On March 3, 1969, a U.S. Army helicopter UH-1H (tail number 67-17287) was involved in an accident while attempting a takeoff. The pilot, WO1 Cunning, decided to make a hover check before attempting the takeoff. He pulled up to about a three foot hover and the RPM bled down to 6400. Also the aircraft went IFR. Cunning then set the aircraft down and told his crew chief and gunner to off load about 200 pounds of cargo. They actually off loaded about 290 pounds of cargo. Cunning then picked up the aircraft, made a 180 degrees pedal turn and hovered away from the wires approximately 180 feet. The aircraft bled off to 6400 RPM as Cunning hovered what he thought was downwind. Actually he was hovering into a quartering headwind. He was engulfed in dust as he hovered back. He then did a 180 degrees pedal turn again and immediately took off from a three foot hover. The takeoff was normal with extra power pulled in to reach translational lift as early as possible. Upon initiating his takeoff, Cunning had the wires in sight. However, as he began moving forward, back toward the road, the dust caused him to lose sight of the wires. When he did break above the dust he saw the wires directly to his front. He immediately applied aft cyclic for a cyclic climb and pulled up his remaining collective. He cleared the first set of wires by about 5 feet. He continued to hold what he had so as to clear the second set of wires about 50 feet away. At this point he was about 50 feet in the air with maximum or near maximum collective, slow airspeed and an RPM somewhere between 5000 and 5400. For accident investigation purposes, Cunning had now taken the aircraft beyond the point of where an uneventful landing could have been made. Cunning realized that the takeoff had to be aborted and he decided to try for the rice paddy approximately 200 yards to his front and just beyond some buildings. In doing this he passed over about 150 yards of open field which contained two more sets of wires running perpendicular to his route of flight. Cunning's reason for not immediately aborting the takeoff and attempting a running landing to the dirt field was that he was afraid of the wires. He then turned slightly to the left to try and fly through and opening between the two main buildings. He was no longer able to hold his altitude and as he flew thru the opening he had two severe blade strikes on the wall of the right (east) building. The aircraft was then turned 90 degrees to the right and it rolled 90 degrees over on its left side. It landed in that position, its nose 90 degrees from its original route of flight. The cargo compartment landed directly over a drainage ditch. Two of the dead men were found partially submerged in water in the ditch. SP4 Weyman T. Cook, the gunner, sitting on the right side was apparently unhurt at impact, exited the aircraft immediately after it hit. He moved a few feet clear of the crash but then turned back to the aircraft to help the other passengers. At this point there was apparently a fuel explosion with SP4 Cook facing the blast. He had his flight helmet off and his face was unprotected. Both the aircraft commander and the pilot were in their seats when the fuel exploded. However, they were effectively protected by their armored seats. WO 1Cunning and WO1 Winchell then cleared the aircraft, Winchell going through the front windshield and Cunning out the right door. MAJ Darryl E. McCartney and SP4 Cook were the only others to get out of the aircraft, their clothes in flames. However, both later succumbed to their injuries. Five other personnel were trapped in the aircraft. They included the crew chief SP4 Steven M. Hickman, and passengers 2LT Michael D. Sams, SP4 Wayne W. Teeple, 1LT Harry T. Harrison, and SP4 George M. Binns. All died of burn-related injuries. [Taken from vhpa.org]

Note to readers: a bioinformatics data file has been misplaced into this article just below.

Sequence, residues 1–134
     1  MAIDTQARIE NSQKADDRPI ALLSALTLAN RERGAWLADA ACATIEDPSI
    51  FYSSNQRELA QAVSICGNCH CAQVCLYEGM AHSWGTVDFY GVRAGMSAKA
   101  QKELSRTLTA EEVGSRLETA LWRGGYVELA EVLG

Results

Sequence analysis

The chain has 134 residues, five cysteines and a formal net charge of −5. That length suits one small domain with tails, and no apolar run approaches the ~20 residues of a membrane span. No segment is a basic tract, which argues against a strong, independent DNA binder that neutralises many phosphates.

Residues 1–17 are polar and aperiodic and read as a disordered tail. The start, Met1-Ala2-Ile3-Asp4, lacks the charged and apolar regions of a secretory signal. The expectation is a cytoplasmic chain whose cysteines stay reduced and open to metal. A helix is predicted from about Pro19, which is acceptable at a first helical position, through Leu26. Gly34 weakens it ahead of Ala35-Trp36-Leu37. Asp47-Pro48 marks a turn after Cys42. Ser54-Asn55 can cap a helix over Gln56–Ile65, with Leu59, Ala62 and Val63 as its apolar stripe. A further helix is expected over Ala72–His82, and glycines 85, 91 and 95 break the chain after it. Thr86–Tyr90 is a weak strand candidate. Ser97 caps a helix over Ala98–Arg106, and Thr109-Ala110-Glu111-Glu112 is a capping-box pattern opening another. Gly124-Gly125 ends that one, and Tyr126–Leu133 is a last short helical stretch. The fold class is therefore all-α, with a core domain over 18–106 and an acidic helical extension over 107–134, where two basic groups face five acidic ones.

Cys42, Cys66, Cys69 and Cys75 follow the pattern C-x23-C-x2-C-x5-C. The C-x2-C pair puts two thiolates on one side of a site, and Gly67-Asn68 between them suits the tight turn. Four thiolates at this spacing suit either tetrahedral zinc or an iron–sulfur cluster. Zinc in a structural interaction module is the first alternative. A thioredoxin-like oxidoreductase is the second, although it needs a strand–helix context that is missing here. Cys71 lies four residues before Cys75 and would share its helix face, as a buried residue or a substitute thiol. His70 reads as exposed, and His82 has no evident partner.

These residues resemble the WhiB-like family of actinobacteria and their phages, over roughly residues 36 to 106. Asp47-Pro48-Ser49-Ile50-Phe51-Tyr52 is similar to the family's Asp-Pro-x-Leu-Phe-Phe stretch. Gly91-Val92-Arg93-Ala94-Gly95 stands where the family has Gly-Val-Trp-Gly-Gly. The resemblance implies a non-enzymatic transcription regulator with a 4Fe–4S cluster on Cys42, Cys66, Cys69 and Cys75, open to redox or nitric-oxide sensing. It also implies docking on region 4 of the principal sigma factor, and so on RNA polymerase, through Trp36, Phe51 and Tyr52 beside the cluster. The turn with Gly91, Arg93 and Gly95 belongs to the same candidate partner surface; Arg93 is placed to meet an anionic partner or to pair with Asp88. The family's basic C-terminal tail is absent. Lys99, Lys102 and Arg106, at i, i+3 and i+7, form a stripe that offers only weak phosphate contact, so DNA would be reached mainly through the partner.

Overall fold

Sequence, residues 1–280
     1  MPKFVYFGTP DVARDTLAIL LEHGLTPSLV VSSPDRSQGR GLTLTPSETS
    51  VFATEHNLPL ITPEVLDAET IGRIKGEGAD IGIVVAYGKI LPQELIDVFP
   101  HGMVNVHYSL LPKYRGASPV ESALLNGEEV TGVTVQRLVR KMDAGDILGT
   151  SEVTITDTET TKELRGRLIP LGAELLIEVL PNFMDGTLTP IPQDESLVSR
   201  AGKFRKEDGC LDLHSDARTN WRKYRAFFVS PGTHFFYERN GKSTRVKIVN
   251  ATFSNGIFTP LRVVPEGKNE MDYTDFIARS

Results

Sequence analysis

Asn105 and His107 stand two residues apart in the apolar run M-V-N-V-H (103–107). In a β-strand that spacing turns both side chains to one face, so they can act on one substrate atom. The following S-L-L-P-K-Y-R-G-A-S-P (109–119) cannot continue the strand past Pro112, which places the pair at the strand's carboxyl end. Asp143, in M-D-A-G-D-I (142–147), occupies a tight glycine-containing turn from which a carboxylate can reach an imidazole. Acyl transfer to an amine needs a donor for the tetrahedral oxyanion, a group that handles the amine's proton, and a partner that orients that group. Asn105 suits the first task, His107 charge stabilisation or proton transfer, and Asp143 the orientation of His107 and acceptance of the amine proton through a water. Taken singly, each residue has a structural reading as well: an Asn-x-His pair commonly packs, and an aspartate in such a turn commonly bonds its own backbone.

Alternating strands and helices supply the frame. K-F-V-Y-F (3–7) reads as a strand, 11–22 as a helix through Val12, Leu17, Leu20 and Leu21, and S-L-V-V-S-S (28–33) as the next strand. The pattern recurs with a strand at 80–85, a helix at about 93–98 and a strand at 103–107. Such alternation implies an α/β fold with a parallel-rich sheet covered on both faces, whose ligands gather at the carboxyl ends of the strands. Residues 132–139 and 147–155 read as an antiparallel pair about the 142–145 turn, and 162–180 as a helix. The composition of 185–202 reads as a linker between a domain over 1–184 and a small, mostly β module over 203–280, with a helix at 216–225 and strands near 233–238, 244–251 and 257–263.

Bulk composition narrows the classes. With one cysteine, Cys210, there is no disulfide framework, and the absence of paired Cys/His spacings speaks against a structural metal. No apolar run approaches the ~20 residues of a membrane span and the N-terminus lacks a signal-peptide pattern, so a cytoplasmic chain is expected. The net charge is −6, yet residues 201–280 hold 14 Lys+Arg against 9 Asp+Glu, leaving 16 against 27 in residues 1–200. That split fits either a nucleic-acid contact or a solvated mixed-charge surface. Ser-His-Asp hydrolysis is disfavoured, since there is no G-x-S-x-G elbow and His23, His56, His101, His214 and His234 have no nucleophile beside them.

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POSTED ON 2.21.2014
POSTED BY: Curt Carter [email protected]

Remembering An American Hero

Dear 1LT Harry Todd Harrison, sir

As an American, I would like to thank you for your service and for your sacrifice made on behalf of our wonderful country. The youth of today could gain much by learning of heroes such as yourself, men and women whose courage and heart can never be questioned.

May God allow you to read this, and may He allow me to someday shake your hand when I get to Heaven to personally thank you. May he also allow my father to find you and shake your hand now to say thank you; for America, and for those who love you.

With respect, and the best salute a civilian can muster for you, Sir

Curt Carter